J. Space Weather Space Clim.
Volume 8, 2018
Planetary Space Weather
|Number of page(s)||10|
|Published online||03 December 2018|
Shock deceleration in interplanetary coronal mass ejections (ICMEs) beyond Mercury’s orbit until one AU
Department of Space Physics, Institute of Atmospheric Physics, Czech Academy of Sciences, Boční II 1401, 141 31
Prague 4, Czech Republic
2 Universities Space Research Association, 21046 Columbia, MD, USA
3 NASA Goddard Space Flight Center, 20771 Greenbelt, MD, USA
4 Faculty of Mathematics and Physics, Charles University, 180 00 Prague 8, Czech Republic
* Corresponding author: firstname.lastname@example.org
Accepted: 31 October 2018
The CDPP propagation tool is used to propagate interplanetary coronal mass ejections (ICMEs) observed at Mercury by MESSENGER to various targets in the inner solar system (VEX, ACE, STEREO-A and B). The deceleration of ICME shock fronts between the orbit of Mercury and 1 AU is studied on the basis of a large dataset. We focus on the interplanetary medium far from the solor corona, to avoid the region where ICME propagation modifications in velocity and direction are the most drastic. Starting with a catalog of 61 ICMEs recorded by MESSENGER, the propagation tool predicts 36 ICME impacts with targets. ICME in situ signatures are investigated close to predicted encounter times based on velocities estimated at MESSENGER and on the default propagation tool velocity (500 km s−1). ICMEs are observed at the targets in 26 cases and interplanetary shocks (not followed by magnetic ejecta) in two cases. Comparing transit velocities between the Sun and MESSENGER () and between MESSENGER and the targets (), we find an average deceleration of 170 km s−1 (28 cases). Comparing to the velocities at the targets (v Tar), average ICME deceleration is about 160 km s−1 (13 cases). Our results show that the ICME shock deceleration is significant beyond Mercury’s orbit. ICME shock arrival times are predicted with an average accuracy of about six hours with a standard deviation of eleven hours. Focusing on two ICMEs detected first at MESSENGER and later on by two targets illustrates our results and the variability in ICME propagations. The shock velocity of an ICME observed at MESSENGER, then at VEX and finally at STEREO-B decreases all the way. Predicting arrivals of potentially effective ICMEs is an important space weather issue. The CDPP propagation tool, in association with in situ measurements between the Sun and the Earth, can permit to update alert status of such arrivals.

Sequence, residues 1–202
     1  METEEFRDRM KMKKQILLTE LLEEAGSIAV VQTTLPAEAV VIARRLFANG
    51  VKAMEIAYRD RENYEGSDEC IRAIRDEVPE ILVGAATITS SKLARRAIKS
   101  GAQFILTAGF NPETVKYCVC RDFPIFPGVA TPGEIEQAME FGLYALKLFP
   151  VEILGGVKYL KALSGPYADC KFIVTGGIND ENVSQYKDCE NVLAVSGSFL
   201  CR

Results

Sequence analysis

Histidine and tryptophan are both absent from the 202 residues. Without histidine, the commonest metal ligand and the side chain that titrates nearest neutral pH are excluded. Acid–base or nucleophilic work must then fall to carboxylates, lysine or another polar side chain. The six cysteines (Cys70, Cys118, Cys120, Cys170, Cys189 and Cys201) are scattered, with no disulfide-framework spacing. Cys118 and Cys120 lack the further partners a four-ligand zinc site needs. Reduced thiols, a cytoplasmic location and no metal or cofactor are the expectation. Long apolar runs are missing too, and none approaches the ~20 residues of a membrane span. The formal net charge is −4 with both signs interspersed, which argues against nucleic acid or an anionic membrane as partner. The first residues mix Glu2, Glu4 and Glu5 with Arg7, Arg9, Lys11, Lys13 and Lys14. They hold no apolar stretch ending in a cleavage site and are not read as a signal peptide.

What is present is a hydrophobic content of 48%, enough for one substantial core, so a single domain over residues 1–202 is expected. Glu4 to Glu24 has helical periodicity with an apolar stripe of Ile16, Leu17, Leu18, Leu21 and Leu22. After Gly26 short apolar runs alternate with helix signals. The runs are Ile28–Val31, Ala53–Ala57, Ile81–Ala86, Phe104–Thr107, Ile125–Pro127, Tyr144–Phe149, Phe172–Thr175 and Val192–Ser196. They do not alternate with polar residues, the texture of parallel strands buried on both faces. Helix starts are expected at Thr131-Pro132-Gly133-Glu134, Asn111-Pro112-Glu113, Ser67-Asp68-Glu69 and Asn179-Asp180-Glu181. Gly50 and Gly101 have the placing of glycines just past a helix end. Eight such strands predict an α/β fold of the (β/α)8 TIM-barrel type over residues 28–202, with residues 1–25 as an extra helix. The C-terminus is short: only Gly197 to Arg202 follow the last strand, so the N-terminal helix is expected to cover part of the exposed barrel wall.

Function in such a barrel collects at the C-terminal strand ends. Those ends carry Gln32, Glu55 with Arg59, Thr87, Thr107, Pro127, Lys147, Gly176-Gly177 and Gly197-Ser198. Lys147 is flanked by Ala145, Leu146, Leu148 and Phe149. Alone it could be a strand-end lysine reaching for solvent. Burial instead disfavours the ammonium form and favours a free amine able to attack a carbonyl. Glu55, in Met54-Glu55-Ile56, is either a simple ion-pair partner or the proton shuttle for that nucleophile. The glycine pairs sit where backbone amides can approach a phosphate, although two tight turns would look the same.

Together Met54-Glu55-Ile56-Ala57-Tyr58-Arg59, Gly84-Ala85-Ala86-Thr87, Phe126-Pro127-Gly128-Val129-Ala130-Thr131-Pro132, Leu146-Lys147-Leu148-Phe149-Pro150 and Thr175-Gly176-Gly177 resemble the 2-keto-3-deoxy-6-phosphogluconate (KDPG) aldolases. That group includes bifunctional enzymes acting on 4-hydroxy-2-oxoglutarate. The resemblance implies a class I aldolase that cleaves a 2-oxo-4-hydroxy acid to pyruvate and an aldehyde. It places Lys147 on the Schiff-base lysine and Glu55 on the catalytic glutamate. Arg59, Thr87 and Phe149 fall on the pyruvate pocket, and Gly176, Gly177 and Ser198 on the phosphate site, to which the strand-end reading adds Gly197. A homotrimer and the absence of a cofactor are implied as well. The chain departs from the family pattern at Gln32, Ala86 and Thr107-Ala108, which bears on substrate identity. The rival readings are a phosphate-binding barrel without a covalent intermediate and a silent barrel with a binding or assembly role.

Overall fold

Key words: Interplanetary Coronal Mass Ejection (CME) / interplanetary medium / propagation / space weather / multipoint analysis
© B. Grison et al., Published by EDP Sciences 2018
This is an Open Access article distributed under the terms of the Creative Commons Attribution License (http://creativecommons.org/licenses/by/4.0), which permits unrestricted use, distribution, and reproduction in any medium, provided the original work is properly cited.
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